An Alternative to New Year’s Resolutions

Originally published in the E2D

Happy New Year to you all!

I hope you’ve all recovered nicely from the holiday season and not finding the dreary trudge of normal life which January always seems to hold in store for us too much for you.

Did you make any New Year’s Resolutions? You know, those things which are like political party manifestos – sound great but ultimately are completely ignored.

The only one I made was to write 2016 rather than 2015 from the very beginning.

Alas, I’ve already broken that several times – my brain is still very firmly stuck in 2015.

But if I was to make resolutions I doubt I would make the usual kind – lose weight, do more exercise, that kind of thing.

If you read this column often enough you’ll know by now that I don’t tend to do things normally and I think my resolutions would be much the same.

So for your perusal I offer you my alternative set of resolutions – If I thought I could stick to them. See what you think…

Ken’s resolutions for 2016

  1. I will be less tolerant  – of the intolerant and the stupid, at least. Society seems to be running around the idea that ‘all views are equally valid’. Well, this is often true of course, but sometimes people are just wrong.
    There’s not getting around it. It doesn’t matter how much I might want to be understanding, the likes of Donald Trump et al simply don’t have a decent argument. Nor do bigots of any kind.
  2. I will spend less time with my friends – the ones on Facebook, Twitter, Skype and Whatsapp anyway.
    Don’t get me wrong – I love social media but when you’re a freelance writer like me it’s too easy to be sucked into Facebook and never come out.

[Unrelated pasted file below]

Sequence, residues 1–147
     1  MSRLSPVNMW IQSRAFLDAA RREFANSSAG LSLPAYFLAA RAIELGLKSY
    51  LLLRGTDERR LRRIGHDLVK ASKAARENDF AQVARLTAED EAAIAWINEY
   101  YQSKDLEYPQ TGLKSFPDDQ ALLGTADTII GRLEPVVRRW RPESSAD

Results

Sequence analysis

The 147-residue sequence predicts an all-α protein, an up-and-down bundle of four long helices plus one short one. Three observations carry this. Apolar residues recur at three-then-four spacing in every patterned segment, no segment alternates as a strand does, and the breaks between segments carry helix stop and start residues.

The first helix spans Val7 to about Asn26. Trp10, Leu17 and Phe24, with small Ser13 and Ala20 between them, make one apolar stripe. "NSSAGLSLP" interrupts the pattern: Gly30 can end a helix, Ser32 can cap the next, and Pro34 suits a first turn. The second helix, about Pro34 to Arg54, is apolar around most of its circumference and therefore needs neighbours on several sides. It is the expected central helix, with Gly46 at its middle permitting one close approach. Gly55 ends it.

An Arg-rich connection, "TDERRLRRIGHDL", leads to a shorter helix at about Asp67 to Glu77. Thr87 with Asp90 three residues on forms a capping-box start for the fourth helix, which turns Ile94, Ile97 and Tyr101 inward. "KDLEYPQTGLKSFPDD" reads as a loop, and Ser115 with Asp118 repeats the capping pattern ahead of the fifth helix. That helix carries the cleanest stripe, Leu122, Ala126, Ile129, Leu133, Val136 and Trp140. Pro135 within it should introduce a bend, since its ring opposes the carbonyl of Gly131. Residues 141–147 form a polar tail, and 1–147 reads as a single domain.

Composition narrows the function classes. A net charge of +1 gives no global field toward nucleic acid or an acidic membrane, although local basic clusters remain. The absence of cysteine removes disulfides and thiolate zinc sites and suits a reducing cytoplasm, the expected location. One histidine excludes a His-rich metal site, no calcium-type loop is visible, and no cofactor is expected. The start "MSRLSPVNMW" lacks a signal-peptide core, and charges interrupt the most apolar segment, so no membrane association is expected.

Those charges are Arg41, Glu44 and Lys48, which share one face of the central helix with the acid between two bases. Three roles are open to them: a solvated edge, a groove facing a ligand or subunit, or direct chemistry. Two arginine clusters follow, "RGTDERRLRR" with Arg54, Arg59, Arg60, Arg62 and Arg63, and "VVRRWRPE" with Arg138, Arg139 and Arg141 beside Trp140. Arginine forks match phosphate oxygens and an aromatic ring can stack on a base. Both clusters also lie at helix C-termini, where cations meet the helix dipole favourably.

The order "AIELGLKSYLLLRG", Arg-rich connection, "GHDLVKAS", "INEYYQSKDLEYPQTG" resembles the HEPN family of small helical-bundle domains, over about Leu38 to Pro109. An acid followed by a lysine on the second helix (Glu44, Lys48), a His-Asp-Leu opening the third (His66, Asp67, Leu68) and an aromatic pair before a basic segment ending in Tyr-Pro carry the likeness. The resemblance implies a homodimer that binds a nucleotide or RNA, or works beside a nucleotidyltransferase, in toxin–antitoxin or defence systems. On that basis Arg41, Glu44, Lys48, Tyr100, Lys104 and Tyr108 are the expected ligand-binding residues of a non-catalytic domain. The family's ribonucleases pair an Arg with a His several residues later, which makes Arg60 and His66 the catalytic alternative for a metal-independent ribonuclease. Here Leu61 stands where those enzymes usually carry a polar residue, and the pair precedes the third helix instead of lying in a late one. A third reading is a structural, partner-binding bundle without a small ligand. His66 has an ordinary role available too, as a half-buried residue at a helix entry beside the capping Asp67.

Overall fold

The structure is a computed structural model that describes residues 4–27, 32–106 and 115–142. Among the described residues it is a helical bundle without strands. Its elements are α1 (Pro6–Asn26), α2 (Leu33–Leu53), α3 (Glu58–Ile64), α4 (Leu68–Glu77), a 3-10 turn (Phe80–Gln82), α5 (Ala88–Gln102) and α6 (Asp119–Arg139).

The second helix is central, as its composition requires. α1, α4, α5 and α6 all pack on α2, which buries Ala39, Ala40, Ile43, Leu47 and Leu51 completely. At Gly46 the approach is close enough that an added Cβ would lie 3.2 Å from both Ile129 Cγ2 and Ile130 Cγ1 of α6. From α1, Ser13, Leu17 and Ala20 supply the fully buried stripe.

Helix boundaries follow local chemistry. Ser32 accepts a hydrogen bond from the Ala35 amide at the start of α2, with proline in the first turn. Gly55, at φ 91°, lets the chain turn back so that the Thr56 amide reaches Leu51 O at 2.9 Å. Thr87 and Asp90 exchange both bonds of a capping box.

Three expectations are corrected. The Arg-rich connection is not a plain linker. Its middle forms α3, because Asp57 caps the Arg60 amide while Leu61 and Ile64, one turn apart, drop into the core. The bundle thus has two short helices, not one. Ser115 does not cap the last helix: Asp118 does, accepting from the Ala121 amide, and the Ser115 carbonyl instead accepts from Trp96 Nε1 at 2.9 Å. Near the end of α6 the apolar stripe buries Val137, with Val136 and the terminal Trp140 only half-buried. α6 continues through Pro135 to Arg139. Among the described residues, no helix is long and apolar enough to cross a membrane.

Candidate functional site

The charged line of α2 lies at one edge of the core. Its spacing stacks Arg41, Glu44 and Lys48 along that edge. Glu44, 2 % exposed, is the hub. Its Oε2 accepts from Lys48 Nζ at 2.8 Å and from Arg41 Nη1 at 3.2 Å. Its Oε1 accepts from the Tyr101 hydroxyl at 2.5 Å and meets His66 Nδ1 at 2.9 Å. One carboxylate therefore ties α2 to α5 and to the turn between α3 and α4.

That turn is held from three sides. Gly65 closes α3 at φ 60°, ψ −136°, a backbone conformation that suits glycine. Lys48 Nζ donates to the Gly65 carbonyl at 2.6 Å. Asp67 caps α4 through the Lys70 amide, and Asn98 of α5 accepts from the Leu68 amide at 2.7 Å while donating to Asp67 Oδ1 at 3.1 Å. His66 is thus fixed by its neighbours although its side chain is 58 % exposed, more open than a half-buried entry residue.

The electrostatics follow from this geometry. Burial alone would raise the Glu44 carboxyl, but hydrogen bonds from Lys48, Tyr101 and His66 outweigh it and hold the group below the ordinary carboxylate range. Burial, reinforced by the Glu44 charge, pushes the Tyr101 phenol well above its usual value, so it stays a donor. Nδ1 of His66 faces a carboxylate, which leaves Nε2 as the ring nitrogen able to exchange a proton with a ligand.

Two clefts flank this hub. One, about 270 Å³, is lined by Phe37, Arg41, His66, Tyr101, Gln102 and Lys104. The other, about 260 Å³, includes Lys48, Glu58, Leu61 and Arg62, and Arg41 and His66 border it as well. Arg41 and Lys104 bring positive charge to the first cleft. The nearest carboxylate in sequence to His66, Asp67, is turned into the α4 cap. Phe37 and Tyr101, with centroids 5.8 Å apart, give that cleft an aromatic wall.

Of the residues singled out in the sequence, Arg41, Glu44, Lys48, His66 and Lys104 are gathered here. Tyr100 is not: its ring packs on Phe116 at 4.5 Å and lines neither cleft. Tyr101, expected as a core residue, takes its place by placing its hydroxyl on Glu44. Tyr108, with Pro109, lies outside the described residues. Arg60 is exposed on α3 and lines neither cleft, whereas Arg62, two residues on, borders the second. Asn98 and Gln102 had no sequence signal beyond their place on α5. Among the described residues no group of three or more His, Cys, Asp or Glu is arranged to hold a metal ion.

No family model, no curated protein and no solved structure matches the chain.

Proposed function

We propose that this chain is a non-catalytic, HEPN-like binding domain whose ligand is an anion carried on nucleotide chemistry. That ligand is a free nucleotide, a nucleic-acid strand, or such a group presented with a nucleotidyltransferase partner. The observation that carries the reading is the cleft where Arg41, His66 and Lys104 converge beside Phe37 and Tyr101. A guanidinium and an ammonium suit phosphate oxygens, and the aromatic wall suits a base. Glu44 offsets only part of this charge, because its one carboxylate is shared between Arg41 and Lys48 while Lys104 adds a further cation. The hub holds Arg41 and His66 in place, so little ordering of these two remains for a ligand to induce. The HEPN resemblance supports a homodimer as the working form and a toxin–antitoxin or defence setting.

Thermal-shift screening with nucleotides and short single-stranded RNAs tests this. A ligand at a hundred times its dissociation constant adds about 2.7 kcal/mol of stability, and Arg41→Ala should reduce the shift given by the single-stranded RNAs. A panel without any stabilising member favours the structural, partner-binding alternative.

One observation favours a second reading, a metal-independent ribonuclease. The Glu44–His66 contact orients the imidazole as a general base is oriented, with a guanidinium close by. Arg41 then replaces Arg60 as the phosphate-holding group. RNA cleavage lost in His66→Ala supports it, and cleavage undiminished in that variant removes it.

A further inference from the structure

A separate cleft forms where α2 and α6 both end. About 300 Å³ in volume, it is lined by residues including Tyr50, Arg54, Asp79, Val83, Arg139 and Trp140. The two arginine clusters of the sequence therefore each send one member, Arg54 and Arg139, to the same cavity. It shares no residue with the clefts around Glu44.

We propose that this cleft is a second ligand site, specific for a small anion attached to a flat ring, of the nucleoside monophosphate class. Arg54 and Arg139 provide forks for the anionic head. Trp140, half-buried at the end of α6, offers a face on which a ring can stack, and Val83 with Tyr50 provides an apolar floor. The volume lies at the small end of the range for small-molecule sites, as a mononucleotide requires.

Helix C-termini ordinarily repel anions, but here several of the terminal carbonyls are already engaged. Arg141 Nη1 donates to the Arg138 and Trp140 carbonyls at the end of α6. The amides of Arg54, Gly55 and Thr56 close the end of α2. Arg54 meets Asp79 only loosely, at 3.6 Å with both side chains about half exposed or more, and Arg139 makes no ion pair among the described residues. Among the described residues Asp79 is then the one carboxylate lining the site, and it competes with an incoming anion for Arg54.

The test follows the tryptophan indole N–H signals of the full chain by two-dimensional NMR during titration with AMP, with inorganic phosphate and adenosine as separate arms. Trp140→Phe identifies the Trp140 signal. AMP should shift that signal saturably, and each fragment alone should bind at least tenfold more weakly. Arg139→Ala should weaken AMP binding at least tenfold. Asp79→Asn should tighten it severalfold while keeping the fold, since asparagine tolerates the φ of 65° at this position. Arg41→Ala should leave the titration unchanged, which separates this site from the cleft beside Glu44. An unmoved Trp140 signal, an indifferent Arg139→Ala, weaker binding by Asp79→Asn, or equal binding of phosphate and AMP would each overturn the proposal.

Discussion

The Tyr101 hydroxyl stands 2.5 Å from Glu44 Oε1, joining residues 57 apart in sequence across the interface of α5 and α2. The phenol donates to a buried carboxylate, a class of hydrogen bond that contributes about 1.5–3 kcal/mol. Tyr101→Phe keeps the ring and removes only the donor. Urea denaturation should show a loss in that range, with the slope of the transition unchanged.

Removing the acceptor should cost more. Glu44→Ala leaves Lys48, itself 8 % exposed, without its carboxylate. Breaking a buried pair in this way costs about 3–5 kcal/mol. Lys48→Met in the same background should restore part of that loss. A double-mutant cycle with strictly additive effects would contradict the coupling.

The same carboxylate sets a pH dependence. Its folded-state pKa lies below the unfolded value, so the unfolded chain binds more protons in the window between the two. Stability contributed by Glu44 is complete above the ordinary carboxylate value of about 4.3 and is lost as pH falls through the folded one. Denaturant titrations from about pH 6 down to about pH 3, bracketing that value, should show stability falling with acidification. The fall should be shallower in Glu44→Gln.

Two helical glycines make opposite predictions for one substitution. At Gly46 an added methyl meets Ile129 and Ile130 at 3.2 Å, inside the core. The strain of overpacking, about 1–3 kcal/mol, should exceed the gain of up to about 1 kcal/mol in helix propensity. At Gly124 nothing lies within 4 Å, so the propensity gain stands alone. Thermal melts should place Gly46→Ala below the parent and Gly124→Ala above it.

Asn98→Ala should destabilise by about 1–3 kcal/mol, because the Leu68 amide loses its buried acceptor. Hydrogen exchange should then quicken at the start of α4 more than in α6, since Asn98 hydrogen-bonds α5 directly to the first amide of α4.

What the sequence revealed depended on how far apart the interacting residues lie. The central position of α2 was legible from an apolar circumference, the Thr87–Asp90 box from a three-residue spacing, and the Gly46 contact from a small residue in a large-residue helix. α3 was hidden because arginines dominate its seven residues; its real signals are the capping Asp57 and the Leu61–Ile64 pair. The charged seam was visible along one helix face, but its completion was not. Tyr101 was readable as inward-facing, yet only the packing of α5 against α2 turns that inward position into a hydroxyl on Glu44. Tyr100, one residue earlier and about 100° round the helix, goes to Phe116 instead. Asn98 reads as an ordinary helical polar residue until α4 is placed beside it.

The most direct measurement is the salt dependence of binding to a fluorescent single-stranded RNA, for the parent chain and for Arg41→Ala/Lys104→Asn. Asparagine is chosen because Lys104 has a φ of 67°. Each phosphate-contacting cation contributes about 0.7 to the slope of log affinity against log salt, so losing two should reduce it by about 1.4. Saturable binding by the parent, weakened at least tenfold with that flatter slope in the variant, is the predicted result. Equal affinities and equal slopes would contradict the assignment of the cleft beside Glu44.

Instead, I’ll limit the amount of time I spend in the virtual world and give more quality time to those in the real.
  3. I will reduce my sense of self-worth – the L’Oreal “because I’m worth it” line summarises well so much that’s wrong with ego-centred society today.
    It started with Descartes’ accidentally selfish “I think therefore I am” and people have gone on chasing their own worth ever since. I much prefer the African proverb “I am, because you are”. Just imagine if the whole world went around thinking everyone else was worth more and we allowed others to build us up rather than pretend to ourselves that we are better (something we can’t maintain for long before sinking in despair). I think we’d see world peace in an instant.
  4. I will take things more personally – in that I think we don’t take personal responsibility seriously enough. It’s a knock-on from the individualism mentioned above. Whatever my neighbour did, it’s nothing to do with me so don’t blame me. Other cultures don’t tend to think like this. What happens in a community affects the whole community and the whole community makes the effort to put things right. Rather than walk away and say “not my problem”, I want to step in and say “what can I do to make this right?”

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